In one embodiment, the first system 602A may identify a first process 608 that holds a lock 610 to a record. In another embodiment, an identification of the lock 612 may be sent from the first system 602A to the XCF 606, which in turn may broadcast the identification of the lock 612 to the other systems 602B-N.

Additionally, in one embodiment, each of the other systems 602B-N may check their respective global wait queues 604B-N to identify any processes waiting for the lock 610 that have associated timeout values in response to receiving the identification of the lock 612 from the XCF 606. For example, the second system 602B may check its global wait queue 604B and may identify two waiters 614 and 616 that include processes with outstanding wait requests for the lock 610. Likewise, the Nth system 602N may check its global wait queue 604N and may identify two waiters 618 and 620 that include processes with outstanding wait requests for the lock 610.

Further, in one embodiment, in response to the identification of processes 614 and 616 by each of the other systems 602B-N, the second system 602B may send information 622, and the Nth system 602N may send information 624, to the first system 602A via the XCF 606. For example, the information 622 may include a description of the two waiters 614 and 616 waiting for the lock 610, timeout values associated with each of the waiters 614 and 616, a time the request for the lock 610 was initiated by the waiters 614 and 616, an indication as to whether the waiters 614 and 616 originate from a CICS or batch process, etc. In another example, the information 624 may include a description of the two waiters 618 and 620 waiting for the lock 610, timeout values associated with each of the waiters 618 and 620, a time the request for the lock 610 was initiated by the waiters 618 and 620, an indication as to whether the waiters 618 and 620 originate from a CICS or batch process, etc.

Further still, in one embodiment, upon receiving the information 622 from the second system 602B and the information 624 from the Nth system 602N, the first system 602A may check its global wait queue 604A to identify any processes waiting for the lock 610 that have associated timeout values. For example, the first system 602A may check its global wait queue 604A and may identify two waiters 626 and 628 that include processes with outstanding wait requests for the lock 610. In another embodiment, the first system 602A may identify information 630 that may include a description of the two waiters 626 and 628 waiting for the lock 610, timeout values associated with each of the waiters 626 and 628, a time the request for the lock 610 was initiated by the waiters 626 and 628, an indication as to whether the waiters 626 and 628 originate from a CICS or batch process, etc.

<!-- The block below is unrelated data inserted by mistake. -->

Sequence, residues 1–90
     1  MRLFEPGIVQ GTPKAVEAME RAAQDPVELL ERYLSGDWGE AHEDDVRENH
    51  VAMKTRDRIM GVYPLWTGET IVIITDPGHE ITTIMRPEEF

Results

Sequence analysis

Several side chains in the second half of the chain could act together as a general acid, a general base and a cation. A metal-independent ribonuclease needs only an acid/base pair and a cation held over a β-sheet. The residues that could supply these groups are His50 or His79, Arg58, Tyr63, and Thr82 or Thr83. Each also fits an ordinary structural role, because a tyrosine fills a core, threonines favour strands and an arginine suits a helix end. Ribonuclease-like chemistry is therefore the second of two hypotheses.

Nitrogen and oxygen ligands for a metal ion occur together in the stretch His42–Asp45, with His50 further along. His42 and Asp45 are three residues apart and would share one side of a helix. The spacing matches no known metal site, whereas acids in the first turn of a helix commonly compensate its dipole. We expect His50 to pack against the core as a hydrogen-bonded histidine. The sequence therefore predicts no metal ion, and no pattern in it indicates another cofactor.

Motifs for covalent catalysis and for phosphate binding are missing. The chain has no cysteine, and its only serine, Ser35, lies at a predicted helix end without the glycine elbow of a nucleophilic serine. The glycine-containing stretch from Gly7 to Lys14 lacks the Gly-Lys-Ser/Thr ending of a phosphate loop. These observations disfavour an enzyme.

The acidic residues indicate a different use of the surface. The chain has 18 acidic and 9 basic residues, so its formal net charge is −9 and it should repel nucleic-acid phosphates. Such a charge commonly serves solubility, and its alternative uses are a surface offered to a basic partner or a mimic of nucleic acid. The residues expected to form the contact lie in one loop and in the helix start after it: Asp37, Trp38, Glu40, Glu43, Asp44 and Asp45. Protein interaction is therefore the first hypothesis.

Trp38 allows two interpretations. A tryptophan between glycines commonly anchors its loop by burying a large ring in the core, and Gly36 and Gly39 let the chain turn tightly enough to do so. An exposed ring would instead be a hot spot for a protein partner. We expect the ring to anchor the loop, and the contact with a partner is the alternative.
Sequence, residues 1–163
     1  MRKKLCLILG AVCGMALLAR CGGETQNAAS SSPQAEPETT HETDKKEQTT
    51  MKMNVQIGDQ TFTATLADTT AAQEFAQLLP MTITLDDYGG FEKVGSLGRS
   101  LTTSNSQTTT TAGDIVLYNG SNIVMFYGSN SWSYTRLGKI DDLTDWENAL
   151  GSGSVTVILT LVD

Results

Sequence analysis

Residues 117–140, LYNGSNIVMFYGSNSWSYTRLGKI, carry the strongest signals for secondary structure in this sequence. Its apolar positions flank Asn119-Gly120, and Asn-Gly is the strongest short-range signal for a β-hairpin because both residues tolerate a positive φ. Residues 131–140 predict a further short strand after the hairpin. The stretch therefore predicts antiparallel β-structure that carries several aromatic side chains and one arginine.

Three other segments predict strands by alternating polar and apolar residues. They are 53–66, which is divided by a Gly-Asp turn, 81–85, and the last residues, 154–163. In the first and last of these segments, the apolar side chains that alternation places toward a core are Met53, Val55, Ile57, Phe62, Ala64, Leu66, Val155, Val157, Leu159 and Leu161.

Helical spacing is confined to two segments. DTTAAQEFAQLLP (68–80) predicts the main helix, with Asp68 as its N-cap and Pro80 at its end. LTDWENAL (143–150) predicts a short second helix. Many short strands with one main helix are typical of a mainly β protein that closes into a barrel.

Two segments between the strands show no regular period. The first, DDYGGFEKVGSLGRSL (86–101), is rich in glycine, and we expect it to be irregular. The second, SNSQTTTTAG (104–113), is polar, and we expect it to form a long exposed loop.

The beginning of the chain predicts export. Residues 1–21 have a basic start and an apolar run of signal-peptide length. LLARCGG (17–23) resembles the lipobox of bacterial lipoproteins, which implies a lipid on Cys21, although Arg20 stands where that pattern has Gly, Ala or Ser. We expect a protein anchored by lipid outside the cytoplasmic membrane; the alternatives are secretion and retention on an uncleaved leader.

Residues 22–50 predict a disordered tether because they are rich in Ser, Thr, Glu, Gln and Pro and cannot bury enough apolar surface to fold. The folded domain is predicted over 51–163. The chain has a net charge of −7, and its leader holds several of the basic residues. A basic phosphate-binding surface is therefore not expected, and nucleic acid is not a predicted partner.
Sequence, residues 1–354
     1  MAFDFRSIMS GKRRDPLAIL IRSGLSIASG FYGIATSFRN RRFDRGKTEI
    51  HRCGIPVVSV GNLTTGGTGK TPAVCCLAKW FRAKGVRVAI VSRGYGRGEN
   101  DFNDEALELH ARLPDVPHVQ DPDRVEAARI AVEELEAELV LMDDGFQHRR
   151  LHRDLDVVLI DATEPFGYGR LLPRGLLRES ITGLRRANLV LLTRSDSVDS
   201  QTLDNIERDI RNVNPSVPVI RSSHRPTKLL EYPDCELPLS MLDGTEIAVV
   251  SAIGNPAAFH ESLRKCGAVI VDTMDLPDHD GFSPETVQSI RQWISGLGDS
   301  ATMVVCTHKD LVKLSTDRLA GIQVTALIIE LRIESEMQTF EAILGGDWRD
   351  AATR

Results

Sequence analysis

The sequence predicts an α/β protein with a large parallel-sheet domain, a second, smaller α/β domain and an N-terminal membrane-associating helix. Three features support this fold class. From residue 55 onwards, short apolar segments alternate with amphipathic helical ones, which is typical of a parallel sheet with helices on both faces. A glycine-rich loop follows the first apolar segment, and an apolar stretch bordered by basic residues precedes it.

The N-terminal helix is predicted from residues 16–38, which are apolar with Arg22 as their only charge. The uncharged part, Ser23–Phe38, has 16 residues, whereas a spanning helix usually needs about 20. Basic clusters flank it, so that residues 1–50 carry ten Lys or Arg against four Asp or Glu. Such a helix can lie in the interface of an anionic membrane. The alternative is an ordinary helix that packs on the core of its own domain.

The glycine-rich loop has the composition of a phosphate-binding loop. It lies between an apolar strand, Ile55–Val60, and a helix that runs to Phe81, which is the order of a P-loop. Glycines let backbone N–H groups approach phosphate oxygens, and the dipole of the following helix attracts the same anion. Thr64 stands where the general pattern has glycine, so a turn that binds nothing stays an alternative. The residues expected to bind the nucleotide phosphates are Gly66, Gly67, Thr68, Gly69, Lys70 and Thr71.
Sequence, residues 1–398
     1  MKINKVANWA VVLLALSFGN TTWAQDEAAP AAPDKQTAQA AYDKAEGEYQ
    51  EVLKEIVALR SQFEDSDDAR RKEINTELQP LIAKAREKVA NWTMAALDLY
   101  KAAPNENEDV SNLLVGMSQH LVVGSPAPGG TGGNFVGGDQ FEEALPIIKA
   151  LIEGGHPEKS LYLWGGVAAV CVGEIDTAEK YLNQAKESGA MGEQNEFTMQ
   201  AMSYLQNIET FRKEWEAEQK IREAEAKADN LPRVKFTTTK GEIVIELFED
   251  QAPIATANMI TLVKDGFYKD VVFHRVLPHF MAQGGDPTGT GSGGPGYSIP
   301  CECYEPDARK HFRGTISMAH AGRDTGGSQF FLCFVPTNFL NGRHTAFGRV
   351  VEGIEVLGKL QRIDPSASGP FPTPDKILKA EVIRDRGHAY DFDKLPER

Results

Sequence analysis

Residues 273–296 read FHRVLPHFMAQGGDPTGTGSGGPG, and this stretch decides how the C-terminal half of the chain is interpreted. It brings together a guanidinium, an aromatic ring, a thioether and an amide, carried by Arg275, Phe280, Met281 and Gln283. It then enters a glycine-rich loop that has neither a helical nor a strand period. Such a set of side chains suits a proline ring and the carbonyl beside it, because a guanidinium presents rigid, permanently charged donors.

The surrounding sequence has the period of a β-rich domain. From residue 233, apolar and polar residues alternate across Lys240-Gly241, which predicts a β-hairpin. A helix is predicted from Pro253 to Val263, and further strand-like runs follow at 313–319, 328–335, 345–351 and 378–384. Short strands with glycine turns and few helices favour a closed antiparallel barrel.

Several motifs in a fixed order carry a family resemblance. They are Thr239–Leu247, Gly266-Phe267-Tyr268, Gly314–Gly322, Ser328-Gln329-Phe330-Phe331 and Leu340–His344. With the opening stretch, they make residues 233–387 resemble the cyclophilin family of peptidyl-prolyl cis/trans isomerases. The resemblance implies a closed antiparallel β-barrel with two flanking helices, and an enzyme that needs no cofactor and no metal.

Also, in one embodiment, the first system 602A may perform lock waiter analysis with respect to the lock 610, utilizing the information 622, the information 624, and the information 630. For example, the system may commit the lock 610 to the first process 608 if it is determined that none of the waiters 614-620, 626, and 628 would time out during process 608 holding of the lock 610. In another example, the first system 602A may transfer the lock 610 to one of the waiters 614-620, 626, and 628 that has the closest timeout value. In yet another example, the first system 602A may present a report including an identification of the waiters 614-620, 626, and 628 to one or more users.

In this way, record lock contention information may be shared between systems 602A-N utilizing the XCF 606, and may be analyzed by the systems to perform lock waiter analysis.

The present invention may be a system, a method, and/or a computer program product. The computer program product may include a computer readable storage medium (or media) having computer readable program instructions thereon for causing a processor to carry out aspects of the present invention.